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Expanding the Scope of Women's Work: Narratives of Economic Precarity and Medical Practice in Muhammadi Begham's Urdu Novels


· Mohammed Afzal Zakir Husain Delhi College, University of Delhi (Delhi, India)


07/27 | 11:00-11:20 UTC+2/CEST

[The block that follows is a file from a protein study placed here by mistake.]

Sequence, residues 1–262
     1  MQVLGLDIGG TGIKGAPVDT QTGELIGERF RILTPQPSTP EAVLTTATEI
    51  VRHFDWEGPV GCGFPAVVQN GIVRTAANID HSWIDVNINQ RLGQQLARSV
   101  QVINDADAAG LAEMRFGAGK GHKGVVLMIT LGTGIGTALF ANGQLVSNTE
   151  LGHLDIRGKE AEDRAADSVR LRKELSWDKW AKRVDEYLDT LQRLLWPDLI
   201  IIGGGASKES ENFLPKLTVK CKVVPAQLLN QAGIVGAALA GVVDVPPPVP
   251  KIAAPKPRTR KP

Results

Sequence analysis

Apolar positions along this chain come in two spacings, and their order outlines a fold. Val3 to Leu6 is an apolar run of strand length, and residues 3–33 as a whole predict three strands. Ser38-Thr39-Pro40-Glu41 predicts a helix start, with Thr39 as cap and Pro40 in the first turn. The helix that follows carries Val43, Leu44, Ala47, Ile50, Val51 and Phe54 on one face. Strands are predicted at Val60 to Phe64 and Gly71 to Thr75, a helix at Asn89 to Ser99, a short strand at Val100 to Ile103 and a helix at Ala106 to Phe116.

This paper seeks to investigate how the fictional works of Muhammadi Begham (1878-1908), the first women editor of the Urdu magazine Tehzib-un Niswan, dealt with the question of women’s paid work in the age of feminism. Her editing and publication of the autobiographical account of a Muslim widow Ashrafunnisa, who accepted a teaching job at Victoria Girls’ School in Lahore to sustain herself, contributed to the destigmatisation of women’s employment in twentieth-century north India. Muhammadi’s novel Sharif Beti (1908) represents the female protagonist’s negotiations with the contending demands of respectability and economic adversity. The stories of respectable women’s struggle with financial difficulties in her works brought out the unsuitability of the gendered division of labour in the lower strata of society, exposing the elitism of the male reformist agenda that confined women to the interior of the house. This justification of women’s contribution to household income sought to revise the idea of respectability in the changing economic conditions of ashraf families in twentieth-century north India. Safiya Begham (1902) articulates the tensions created by a Muslim woman’s practice of medicine in a north Indian family that insists on the observance of purdah, highlighting the dilemmas women confronted in an age which subordinated the women’s question to the interests and solidarity of the larger community.